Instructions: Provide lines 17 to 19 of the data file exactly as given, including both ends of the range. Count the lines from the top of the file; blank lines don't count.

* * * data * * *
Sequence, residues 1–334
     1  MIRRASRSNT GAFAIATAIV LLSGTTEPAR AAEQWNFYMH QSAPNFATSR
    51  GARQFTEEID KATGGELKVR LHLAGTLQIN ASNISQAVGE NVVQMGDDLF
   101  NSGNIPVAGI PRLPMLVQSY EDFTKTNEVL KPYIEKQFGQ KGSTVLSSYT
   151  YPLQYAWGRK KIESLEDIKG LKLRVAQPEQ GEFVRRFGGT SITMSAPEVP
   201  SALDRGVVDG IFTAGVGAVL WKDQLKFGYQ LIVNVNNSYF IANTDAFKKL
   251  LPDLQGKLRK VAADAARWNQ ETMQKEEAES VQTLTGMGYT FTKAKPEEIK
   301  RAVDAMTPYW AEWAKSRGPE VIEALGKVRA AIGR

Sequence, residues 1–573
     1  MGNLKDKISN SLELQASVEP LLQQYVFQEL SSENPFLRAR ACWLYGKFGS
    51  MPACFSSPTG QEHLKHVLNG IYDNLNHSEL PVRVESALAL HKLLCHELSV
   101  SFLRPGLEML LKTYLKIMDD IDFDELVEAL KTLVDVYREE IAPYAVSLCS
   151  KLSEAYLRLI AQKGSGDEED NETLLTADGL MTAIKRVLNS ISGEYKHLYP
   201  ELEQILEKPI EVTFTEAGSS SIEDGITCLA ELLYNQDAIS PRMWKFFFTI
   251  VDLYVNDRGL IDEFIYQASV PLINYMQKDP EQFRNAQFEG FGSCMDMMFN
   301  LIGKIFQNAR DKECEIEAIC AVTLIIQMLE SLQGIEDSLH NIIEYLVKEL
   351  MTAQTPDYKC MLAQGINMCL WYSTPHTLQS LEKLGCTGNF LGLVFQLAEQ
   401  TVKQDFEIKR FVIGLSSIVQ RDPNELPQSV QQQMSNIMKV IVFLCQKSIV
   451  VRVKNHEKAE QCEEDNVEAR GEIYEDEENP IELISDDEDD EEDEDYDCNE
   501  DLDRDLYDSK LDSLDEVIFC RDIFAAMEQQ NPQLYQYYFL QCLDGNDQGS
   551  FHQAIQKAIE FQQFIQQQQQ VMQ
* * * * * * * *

   351  MTAQTPDYKC MLAQGINMCL WYSTPHTLQS LEKLGCTGNF LGLVFQLAEQ
   401  TVKQDFEIKR FVIGLSSIVQ RDPNELPQSV QQQMSNIMKV IVFLCQKSIV
   451  VRVKNHEKAE QCEEDNVEAR GEIYEDEENP IELISDDEDD EEDEDYDCNE